Rollout to be One for the ages

If God is considering a Second Coming soon, maybe she should tune in to Boeing's 787 Dreamliner rollout ceremony to borrow a few ideas about staging, drama and worldwide impact. Indeed, short of an 8.0 earthquake, an eruption of Mount Rainier or...

Not only is the 787 the first commercial aircraft largely built of composite material, it's also the first commercial aircraft that relies heavily on Boeing's partners around the world to design and build large pieces of the aircraft. Under Boeing's new plan, the company handles the overall conception and integration of the design, as well as marketing the aircraft. But Boeing's partners, including Spirit in Wichita; Vought in Charleston, S.C.; Alenia in Italy; and Fuji, Mitsubishi and Suzuki in Japan, bear a large share of the design and financial responsibility for their parts of the plane.

Boeing wanted the ceremony to accurately reflect the contributions that Boeing workers and its partners around the globe made in producing the first plane, Leach said.

In midsummer last year, Boeing sought proposals from multimedia production companies to help stage and distribute the event. Fremont's TPN emerged the winner in that competition. TPN is an 18-year-old, 80-employee company that specializes in producing big corporate events. TPN has worked with Boeing for 14 years staging big events, including rollouts of derivative models of the 777 and 737 and big gatherings in which Boeing announced new models. Other TPN clients include Microsoft, Amazon and JCB.

TPN had worked with Boeing on the 787 from the beginning and produced a worldwide 787 roadshow that took the 787 story to 20 countries around the world.

While aircraft technology has advanced greatly since the 777 debuted in 1994, so have presentation and communication capabilities, Leach said. The debut will spotlight both those advanced capabilities.

TPN CEO John Vadino said the roadshow experience affirmed TPN's belief that the 787 debut had to be carefully scripted, directed and produced to appeal to audiences in other countries.

"We have a truly global audience. We found that the presentation will be much more appealing if we customize it to local tastes," Vadino said.

As a result, the ceremonies will be broadcast and narrated in nine languages. The video from the 10 cameras covering the event will be fed to nine directors stationed outside the Everett plant who each will produce native language coverage for worldwide distribution.

Vadino said TPN is bringing in those directors from outside the U.S. because it believes the ceremonies will get the widest audience if they're presented in each area's native tongue and put together in familiar styles by directors accustomed to the conventions of video production in other areas of the world.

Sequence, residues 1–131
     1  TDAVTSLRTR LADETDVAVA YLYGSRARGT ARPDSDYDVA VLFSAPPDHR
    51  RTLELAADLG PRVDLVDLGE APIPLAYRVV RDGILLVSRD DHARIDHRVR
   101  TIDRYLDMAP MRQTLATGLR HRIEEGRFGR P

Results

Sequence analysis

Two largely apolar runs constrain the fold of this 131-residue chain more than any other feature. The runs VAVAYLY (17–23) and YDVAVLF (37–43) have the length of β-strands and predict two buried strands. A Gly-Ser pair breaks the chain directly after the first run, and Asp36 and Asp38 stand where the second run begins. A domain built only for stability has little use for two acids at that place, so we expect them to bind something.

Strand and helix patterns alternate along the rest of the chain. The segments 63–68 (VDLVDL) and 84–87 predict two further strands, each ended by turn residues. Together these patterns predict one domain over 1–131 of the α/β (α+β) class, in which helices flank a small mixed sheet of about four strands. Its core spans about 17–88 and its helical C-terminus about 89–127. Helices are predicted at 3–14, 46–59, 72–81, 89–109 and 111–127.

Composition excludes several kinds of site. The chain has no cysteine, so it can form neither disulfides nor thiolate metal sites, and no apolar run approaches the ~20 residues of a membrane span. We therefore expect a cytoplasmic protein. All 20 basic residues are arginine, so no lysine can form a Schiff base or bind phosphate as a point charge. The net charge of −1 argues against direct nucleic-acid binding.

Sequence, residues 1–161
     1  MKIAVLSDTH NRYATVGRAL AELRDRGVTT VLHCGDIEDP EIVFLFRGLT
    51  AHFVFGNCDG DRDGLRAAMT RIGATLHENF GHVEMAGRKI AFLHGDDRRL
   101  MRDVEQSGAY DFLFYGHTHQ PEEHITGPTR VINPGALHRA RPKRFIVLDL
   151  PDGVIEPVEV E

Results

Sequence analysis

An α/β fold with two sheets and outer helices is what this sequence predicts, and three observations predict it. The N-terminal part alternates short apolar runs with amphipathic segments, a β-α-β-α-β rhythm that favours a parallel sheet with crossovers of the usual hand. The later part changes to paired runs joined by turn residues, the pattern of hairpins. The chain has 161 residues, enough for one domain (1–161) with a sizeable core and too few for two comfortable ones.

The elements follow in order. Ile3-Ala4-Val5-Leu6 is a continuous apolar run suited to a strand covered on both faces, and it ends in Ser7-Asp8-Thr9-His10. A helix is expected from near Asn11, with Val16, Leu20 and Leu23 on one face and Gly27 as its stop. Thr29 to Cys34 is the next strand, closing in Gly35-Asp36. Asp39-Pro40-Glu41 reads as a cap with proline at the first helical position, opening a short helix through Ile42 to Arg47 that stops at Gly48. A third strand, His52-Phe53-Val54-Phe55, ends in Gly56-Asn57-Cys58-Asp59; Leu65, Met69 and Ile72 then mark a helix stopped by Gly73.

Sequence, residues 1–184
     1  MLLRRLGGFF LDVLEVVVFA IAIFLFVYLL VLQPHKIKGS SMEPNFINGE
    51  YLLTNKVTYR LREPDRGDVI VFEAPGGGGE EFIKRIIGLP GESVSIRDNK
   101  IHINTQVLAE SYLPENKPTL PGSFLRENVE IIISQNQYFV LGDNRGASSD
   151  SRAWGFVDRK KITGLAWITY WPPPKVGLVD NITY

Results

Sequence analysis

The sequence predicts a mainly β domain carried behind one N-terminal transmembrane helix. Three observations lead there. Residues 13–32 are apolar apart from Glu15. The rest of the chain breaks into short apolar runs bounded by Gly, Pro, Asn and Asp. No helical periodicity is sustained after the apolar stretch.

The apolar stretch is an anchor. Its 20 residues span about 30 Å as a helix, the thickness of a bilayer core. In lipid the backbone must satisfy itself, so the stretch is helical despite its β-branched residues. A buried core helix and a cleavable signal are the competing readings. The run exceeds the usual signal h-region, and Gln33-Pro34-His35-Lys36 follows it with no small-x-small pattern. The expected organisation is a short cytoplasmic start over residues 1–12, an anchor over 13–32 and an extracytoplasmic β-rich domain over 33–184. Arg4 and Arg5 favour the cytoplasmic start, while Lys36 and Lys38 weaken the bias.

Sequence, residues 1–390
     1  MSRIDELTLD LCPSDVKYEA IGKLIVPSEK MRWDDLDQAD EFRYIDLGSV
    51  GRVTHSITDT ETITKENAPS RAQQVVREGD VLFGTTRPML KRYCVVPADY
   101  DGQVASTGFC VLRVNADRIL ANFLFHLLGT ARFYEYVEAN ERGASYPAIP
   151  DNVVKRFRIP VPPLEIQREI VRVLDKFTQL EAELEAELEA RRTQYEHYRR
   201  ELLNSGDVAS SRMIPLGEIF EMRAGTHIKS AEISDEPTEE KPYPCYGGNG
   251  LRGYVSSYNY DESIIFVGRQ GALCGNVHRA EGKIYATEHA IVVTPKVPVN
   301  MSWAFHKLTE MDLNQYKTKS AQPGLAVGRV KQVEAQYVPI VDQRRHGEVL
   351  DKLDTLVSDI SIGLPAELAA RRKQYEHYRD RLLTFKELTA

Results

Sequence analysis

The different versions will be available on the Web and through a constellation of satellites throughout the world.

The ceremony will include remote live feeds from other 787 gatherings around the world to include workers in other countries who've contributed to the 787 project.

In a traditional rollout, the finale comes when the doors of the plant rumble aside, and the new plane inside rolls out for public viewing. Boeing abandoned that model years ago, putting the audience inside the plant and opening the plant doors to reveal the plane outside. The Northwest's unpredictable weather and the need for a controlled environment to show the videos and play the theme music make holding the ceremony inside a virtual necessity.

As lighting, video and production technology have advanced, so has the quality of the rollout ceremonies. The 787 rollout will feature huge video screens, some mounted on the inside of the hangar doors, extensive rock show-style lighting and innovations such as small remote projectors that can literally paint the stage and walls with images.

And for the first time, all of the 15,000 guests will be seated in the last two production positions in the vast 787 production hall. In traditional Boeing events, a cadre of customers, suppliers and Boeing executives are seated with Boeing workers standing behind.

Though Leach and Vadino won't reveal the exact details of the presentation, if it follows the pattern of most Boeing presentations, it will be heavily weighted toward workers, with videos of engineers, technicians and machinists from around the world talking about their roles in the project. Of course, the plane and its customers will play a role, with video presentations featuring airline executives and crew members and ultimately the 787 itself.

The whole event will get a dress rehearsal the day before, with the participants and speakers timing their presentations and directors and technical people testing the lighting, sound and satellite connections.

Don't expect any surprise celebrity appearances, Leach said. On 7-8-07, the 787 will be the star.

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